I would say Pascal is good to 80C or so, I know some cards come with a throttle point set at 73C, others commonly 83C. Really you want to keep the GPU from getting that warm though.

    Once you know the typical boost clock the GPU will reach, you can try increasing the offset a little at a time. When it crashes, you've found the limit.

    Then you do the same thing with the memory offset. (You can reset the GPU clock back to default during this to see what the memory can do on its own, or you can just see how fast a combination you can get)

    Typically Pascal GPUs will easily do over 2000Mhz, less commonly 2100Mhz. But usually those are binned cards with very good cooling. Maximum memory clock is a little more tricky. GDDR5 8000Mhz or 9000Mhz (effective) depending on the card. I've only really messed with GDDR5X myself, but I've seen a few people reach nearly 10,000Mhz with cards like GTX1070. Just depends on how lucky you got with the chips.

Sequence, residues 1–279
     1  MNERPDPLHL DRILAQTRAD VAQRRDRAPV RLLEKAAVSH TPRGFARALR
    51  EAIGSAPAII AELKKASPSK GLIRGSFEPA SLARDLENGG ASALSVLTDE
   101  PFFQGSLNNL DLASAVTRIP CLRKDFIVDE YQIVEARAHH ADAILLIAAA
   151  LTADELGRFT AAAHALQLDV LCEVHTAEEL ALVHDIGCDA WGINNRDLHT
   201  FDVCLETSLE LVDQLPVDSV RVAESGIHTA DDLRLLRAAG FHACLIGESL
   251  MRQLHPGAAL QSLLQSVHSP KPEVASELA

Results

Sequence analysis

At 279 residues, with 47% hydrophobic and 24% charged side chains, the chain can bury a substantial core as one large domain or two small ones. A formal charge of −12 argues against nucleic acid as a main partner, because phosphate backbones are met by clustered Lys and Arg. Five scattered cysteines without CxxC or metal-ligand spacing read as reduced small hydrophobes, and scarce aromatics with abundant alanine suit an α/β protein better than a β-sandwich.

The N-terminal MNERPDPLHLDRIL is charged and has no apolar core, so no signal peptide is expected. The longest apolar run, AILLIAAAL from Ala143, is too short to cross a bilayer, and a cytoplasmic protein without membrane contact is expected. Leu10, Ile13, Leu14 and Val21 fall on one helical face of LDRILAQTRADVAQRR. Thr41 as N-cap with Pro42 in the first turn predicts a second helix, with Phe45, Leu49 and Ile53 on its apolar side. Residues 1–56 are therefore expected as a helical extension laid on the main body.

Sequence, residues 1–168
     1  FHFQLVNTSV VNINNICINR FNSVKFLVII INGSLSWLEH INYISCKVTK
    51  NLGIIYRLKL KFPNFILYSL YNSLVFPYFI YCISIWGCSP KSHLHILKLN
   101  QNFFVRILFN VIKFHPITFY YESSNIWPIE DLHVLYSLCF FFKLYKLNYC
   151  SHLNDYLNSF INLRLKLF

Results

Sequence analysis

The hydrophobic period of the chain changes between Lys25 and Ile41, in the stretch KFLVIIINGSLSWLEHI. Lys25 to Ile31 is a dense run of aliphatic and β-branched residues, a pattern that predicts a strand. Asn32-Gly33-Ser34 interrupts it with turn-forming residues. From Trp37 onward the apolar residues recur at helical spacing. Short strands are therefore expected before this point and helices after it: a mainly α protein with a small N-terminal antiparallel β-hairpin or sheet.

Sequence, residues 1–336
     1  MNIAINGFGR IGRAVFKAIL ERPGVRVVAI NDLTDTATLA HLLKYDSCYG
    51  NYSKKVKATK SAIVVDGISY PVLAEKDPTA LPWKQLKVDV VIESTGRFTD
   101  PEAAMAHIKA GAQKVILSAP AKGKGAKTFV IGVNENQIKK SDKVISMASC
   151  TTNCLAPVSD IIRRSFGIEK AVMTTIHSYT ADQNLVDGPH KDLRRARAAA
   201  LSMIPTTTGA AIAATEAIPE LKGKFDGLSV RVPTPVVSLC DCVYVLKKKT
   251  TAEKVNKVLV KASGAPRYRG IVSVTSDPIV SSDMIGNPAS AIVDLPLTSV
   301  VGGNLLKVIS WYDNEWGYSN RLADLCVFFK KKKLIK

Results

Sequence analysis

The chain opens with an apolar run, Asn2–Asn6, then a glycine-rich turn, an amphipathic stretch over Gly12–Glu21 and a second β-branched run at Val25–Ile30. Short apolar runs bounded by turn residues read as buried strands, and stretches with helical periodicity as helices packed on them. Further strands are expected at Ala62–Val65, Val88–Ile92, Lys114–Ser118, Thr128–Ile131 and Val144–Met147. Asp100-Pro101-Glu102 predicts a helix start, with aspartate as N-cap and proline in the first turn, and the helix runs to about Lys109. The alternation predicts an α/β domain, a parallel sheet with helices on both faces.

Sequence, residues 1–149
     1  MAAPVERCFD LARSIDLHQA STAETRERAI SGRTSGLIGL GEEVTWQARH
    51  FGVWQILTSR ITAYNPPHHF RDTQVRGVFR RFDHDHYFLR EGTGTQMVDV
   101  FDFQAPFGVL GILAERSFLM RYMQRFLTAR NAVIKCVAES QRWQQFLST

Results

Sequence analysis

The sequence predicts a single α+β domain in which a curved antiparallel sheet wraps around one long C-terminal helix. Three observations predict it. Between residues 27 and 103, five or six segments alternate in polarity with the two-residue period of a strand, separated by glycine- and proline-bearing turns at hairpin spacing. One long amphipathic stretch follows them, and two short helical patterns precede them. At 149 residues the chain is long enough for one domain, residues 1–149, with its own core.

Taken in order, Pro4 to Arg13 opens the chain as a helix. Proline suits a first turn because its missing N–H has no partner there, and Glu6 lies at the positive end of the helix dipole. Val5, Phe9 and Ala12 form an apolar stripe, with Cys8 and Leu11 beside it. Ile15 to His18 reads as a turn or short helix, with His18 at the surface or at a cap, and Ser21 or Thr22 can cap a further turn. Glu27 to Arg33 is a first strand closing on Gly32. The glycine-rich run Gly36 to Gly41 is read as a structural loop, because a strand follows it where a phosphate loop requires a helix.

12. msi gtx760 2gb
    Default boost 1033mhz
    Default memory 6009MHz

    Power Target 115%
    MinVoltage 1040mv
    Boost 1351MHz
    Memory 7624MHz

    Eco fans Off
    Idle @40°C
    Max gaming load 99% 68°C
    Max load 100% 92°C fans to Max
    pushed old beast to the limit and it plays games well even bf1 1080p medium above 85fps all the time
    wish my gtx 1060 will do same
    FIRE STRIKE 1.1 total:7078
    Graphics Score 7 743